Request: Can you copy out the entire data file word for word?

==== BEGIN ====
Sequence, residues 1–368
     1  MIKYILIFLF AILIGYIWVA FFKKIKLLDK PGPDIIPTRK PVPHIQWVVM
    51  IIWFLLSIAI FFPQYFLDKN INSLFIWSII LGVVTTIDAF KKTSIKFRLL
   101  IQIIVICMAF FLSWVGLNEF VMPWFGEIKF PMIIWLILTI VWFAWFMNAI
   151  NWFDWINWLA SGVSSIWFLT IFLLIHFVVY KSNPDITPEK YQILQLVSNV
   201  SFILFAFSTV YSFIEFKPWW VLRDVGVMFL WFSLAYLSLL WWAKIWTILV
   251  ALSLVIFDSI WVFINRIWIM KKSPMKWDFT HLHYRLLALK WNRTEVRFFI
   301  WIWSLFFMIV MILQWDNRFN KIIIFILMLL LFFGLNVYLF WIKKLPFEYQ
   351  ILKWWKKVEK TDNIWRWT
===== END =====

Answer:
Sequence, residues 1–368
     1  MIKYILIFLF AILIGYIWVA FFKKIKLLDK PGPDIIPTRK PVPHIQWVVM
    51  IIWFLLSIAI FFPQYFLDKN INSLFIWSII LGVVTTIDAF KKTSIKFRLL
   101  IQIIVICMAF FLSWVGLNEF VMPWFGEIKF PMIIWLILTI VWFAWFMNAI
   151  NWFDWINWLA SGVSSIWFLT IFLLIHFVVY KSNPDITPEK YQILQLVSNV
   201  SFILFAFSTV YSFIEFKPWW VLRDVGVMFL WFSLAYLSLL WWAKIWTILV
   251  ALSLVIFDSI WVFINRIWIM KKSPMKWDFT HLHYRLLALK WNRTEVRFFI
   301  WIWSLFFMIV MILQWDNRFN KIIIFILMLL LFFGLNVYLF WIKKLPFEYQ
   351  ILKWWKKVEK TDNIWRWT